The Five Day Novel

Cover of ‘The Five Day Novel’ book.

Want to plan, draft, and revise a novel in five days?

That’s exactly what Scott King did. And, he outlined his journey in The Five Day Novel.

Over the years, I’ve grown a small collection of writing books. Not many. Just enough to remind myself that I need to keep plugging away until I publish that first novel. I’ve made a vow to myself to read more about the craft from other authors, which is something I need to do on a more regular basis.

After winning NaNoWriMo last year, I’ve become more interested in the topic of writing more words in less time. Every writer has their own process, but I think most of us want to be able to write faster if we can. That’s why The Five Day Novel appealed to me. I didn’t want to take on the challenge of writing a novel in five days, especially after having experienced how tough it was to write a novel-length work in thirty. I wanted some insight into how someone could punch out that many words in such a short time.

The best part about the book was reading the author’s journey. After seeing his struggles, I thought, I’m right there with you, buddy. It’s no small feat to write 50,000 words in a month. It’s insanity to try it in two days, which was the time he took for the first draft (the other days were reserved for outlining and revising). I wouldn’t recommend such a feat for anyone but a seasoned genre author.

The thing I’d really hoped for was more practical advice. While King did provide some good tips (e.g., turn off the Internet, have a soundtrack while writing, eat good, sleep well, and exercise), he didn’t bring anything new to the table. Most of the practical advice was what you’d find in any blog post from 100s of authors rehashed over the Web. It’s not that it was bad advice. These are good things for anyone to do in any creative endeavor.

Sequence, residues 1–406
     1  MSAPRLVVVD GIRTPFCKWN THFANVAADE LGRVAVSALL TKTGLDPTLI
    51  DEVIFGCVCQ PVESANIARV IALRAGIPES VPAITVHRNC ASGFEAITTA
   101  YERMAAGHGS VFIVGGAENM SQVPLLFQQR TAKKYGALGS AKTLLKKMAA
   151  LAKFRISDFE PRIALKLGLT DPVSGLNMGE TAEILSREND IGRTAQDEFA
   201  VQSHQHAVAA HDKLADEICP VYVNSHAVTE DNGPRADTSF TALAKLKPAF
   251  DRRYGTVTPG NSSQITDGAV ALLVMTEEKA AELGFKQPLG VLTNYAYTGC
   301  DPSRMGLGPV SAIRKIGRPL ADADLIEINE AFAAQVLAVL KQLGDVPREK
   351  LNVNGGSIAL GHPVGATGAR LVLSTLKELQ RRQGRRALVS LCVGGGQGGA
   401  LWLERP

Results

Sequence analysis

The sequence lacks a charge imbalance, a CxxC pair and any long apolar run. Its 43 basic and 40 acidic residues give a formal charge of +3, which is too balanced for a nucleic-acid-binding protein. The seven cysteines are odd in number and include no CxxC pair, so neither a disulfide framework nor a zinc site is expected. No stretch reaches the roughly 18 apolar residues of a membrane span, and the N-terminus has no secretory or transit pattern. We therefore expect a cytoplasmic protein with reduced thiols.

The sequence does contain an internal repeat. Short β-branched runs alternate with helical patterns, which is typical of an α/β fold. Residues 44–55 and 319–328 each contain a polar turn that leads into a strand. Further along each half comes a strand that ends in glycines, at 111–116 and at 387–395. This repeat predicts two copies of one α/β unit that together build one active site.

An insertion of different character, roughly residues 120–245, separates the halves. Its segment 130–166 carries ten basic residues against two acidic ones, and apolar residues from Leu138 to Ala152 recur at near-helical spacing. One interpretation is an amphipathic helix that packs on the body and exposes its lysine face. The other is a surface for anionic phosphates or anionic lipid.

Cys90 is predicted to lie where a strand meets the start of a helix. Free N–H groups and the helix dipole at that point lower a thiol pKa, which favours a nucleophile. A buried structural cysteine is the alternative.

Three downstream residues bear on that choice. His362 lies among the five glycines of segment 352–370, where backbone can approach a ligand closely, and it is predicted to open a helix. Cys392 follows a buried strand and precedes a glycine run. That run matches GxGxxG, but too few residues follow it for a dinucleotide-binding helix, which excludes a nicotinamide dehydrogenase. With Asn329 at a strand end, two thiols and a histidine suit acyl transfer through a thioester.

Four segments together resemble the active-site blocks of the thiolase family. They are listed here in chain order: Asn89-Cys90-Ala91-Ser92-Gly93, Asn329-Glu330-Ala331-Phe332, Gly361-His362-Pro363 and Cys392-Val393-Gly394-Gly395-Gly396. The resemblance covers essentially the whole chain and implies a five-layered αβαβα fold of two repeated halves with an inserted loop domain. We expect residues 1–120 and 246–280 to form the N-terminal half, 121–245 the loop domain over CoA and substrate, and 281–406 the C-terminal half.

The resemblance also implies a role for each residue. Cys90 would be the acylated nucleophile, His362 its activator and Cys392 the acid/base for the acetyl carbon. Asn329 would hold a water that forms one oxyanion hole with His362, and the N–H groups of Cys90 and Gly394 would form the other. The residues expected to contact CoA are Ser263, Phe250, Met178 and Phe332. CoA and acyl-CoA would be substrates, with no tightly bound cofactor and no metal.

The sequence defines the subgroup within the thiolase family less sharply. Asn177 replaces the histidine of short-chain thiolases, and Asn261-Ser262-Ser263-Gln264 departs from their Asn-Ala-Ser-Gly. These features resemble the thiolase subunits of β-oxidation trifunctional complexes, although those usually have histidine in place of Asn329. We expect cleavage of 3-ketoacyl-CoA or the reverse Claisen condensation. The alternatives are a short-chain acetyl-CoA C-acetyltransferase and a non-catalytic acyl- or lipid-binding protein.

I suppose a budding novelist makes these book purchases looking for that one piece of advice that will change everything and magically turn them into the next Stephen King. And, it’s always a little bit of a letdown when you don’t get the magic bullet to make it happen. Who knew the secret to writing a novel in five days is to simply hunker down and do the work? 😁

One of King’s focal points is that if you want to be a writer, then simply be a writer. And, that means you must actually write stuff.

The book stands on its own well enough if you go into it simply wanting to follow King’s journey to writing a novel from start to finish in five days. But, don’t expect much more than that.

If you’ve never written a novel and want to finish that first draft to get a feel for the process while learning about yourself as a writer, I recommend No Plot? No Problem! by Chris Baty instead. It has far more practical advice for getting over the humps in the process. And, it’s a pretty funny read at times. It’s helped me both times I attempted National Novel Writing Month with getting my word counts up.

⭐⭐⭐/5 stars.